The Mark Blog

The Surrealist Memoir

This week, I’ve been thinking a lot about me. Or, at least, the role I play in my own fiction. Is this what they mean by narcissism? I’m not falling in love with my own reflection or anything, more like studying it, describing it, ripping it apart, then putting it all back together in a new form. Ideally, I’d like to be able to write about other people, to use the creative act to get outside myself, or at least my concept of self. But for now, I can’t get away from myself.
 
Not everything I write is “true.” I use the flexibility of fiction to put a spin on life events, to orchestrate events and moments as I see fit. It’s like being a musical arranger; the structure of the chord progressions is already there and it’s up to the arranger to layer them and make the song come alive in interesting, unexpected ways. So if the truth is a standard blues jam, the story is Muddy Waters growling over the top of it.

 

What to call this form? It’s not quite memoir, not quite fiction. In an article on The New Inquiry, Emily Cooke tackles this somewhat new form, dubbing it “semi-autobiography.” While I may not agree with her adoration of spontaneous writing, I do relate to this passage: “…the new semi-autobiographers, you might call them, reject privacy and propriety for openness and provocation. In their novels-from-life they aim for a synthesis of the personal and the intellectual on the one hand, and the fictional and the nonfictional on the other."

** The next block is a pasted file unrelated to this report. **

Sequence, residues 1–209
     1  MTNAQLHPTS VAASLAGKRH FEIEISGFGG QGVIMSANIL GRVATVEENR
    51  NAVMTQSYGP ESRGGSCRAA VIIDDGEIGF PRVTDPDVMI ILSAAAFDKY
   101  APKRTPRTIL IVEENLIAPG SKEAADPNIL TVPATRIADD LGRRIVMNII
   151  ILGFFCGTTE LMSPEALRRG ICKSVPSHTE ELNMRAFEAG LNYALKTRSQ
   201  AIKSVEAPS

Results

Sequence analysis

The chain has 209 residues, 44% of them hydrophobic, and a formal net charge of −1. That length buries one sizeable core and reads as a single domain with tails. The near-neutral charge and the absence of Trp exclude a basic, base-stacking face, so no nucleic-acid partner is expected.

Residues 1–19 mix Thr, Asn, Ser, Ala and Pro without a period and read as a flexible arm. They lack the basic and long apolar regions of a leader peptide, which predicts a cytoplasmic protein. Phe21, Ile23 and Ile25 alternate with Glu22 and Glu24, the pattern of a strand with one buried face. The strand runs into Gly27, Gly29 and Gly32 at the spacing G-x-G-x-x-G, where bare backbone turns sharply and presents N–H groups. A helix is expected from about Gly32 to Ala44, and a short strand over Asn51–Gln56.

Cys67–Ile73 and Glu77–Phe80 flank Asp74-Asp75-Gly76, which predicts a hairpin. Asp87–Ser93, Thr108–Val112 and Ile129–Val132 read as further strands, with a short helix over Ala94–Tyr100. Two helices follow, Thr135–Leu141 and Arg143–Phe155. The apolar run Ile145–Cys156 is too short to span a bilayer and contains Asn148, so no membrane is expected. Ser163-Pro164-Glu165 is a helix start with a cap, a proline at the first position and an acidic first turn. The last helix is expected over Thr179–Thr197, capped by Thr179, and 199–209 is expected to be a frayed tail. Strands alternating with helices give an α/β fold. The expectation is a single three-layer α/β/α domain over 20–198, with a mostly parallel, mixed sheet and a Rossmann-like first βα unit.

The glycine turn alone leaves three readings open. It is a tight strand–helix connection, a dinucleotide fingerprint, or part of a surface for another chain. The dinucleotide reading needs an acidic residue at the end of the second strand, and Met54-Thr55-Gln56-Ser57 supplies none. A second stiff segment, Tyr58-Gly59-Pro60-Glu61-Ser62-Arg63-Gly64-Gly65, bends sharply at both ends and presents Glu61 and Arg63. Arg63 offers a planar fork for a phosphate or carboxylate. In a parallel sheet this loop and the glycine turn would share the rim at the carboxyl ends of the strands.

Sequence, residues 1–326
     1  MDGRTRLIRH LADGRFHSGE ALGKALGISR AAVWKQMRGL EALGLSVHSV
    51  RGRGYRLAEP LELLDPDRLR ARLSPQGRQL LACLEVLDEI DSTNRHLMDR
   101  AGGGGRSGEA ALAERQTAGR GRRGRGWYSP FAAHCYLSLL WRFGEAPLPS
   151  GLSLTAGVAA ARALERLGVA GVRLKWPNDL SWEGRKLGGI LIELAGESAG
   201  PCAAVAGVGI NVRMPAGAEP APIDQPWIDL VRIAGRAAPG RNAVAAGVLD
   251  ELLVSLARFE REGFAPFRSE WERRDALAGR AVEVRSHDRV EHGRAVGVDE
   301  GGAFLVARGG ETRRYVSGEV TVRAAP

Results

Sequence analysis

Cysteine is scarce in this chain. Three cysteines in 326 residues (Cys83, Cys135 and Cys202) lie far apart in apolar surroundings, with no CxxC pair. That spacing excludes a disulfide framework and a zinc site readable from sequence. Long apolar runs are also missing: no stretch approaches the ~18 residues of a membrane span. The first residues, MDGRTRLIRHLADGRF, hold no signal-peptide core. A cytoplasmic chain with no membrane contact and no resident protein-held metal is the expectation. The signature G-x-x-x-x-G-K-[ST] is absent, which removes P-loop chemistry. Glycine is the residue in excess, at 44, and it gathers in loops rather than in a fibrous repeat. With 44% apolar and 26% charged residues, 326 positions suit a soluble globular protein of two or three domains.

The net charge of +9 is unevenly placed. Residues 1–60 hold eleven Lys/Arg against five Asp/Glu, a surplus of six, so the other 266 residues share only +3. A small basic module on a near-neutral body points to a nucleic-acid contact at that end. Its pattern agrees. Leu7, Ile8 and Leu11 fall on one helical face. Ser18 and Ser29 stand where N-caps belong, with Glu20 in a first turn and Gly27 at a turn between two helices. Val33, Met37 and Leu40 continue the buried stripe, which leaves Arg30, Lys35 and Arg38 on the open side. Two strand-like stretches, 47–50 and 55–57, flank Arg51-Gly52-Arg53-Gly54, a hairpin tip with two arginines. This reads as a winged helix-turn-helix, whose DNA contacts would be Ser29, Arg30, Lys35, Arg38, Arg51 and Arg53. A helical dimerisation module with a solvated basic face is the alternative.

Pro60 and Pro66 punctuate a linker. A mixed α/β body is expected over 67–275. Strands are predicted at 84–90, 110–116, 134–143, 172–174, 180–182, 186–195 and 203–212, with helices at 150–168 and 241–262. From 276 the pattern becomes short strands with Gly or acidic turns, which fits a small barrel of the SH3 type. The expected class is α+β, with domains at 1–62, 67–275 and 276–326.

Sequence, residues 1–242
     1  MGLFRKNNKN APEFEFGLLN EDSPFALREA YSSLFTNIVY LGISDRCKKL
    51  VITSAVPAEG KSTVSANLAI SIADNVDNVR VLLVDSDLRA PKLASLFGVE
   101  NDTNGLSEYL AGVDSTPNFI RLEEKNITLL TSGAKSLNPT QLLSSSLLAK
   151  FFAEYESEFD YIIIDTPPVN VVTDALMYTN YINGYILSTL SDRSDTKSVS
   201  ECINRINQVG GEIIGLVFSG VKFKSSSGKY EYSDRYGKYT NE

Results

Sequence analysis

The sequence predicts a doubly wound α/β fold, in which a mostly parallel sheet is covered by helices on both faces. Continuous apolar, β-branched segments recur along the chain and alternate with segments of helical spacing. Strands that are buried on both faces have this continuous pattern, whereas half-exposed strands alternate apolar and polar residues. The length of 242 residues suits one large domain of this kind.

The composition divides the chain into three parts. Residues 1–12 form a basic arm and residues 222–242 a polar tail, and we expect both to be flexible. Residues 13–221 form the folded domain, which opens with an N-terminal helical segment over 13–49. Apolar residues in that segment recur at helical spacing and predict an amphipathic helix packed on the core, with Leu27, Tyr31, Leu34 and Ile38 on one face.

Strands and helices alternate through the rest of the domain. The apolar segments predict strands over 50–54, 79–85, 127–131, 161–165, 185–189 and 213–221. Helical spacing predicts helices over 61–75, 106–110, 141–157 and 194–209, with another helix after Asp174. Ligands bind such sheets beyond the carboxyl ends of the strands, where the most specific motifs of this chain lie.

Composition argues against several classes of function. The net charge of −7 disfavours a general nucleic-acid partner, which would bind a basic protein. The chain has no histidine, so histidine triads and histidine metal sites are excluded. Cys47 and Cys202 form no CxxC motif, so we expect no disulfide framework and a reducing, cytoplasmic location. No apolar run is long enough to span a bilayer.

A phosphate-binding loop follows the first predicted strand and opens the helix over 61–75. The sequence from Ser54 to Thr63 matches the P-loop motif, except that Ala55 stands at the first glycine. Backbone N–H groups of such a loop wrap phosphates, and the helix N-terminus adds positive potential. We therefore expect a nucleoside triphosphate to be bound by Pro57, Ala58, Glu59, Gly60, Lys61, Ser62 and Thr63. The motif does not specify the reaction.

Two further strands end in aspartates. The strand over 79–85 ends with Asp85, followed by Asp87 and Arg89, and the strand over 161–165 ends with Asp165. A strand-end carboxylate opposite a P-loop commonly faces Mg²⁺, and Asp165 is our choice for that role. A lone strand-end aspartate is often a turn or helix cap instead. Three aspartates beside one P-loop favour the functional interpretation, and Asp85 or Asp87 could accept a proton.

Apparently, writers like Kate Zambreno and Sheila Heti include real emails and conversations in their “novels” and refuse traditional plot structures. Though this type of writing intrigues me, it’s not quite what I’m going for. I don’t think a novel will ever be “life” because a) it’s words on a page, and b) there’s always selection. Writers choose what parts of their lives they want to show. This kind of editorializing shapes a version of reality into a fiction. I want my stories to have the feel of life with the payoff of fiction. I want to have my cake and eat it, too. What the hell else are you going to do with cake, anyway?

One of my favorite writers, Roberto Bolaño, mastered this balancing act. As I’ve described before, his protagonists seem to be versions of himself, right down to the names Arturo Belano and B. He retells real events in minute detail, giving his fiction the engaging quality of memoir. Sometimes he details various moments in a character’s life with no rising action, climax, or resolution. In either case, he creates a compelling whole.

I’m drawn to the construction of a kind of surrealist memoir. I like the inherent contradiction in that term. Some of my stories are rooted in the everyday, while others contain dreamlike elements. It’s like holding up a broken mirror to reality: you can still make out the truth, but it’s warped, fragmented, not quite real.
 
I want my stories to work like shards of broken glass that, when pieced together, create a whole, cracked mirror. I can see my own reflection in that mirror, but it’s like a fucked-up, cubist version of me. And maybe, hopefully, readers will see pieces of themselves in it, too.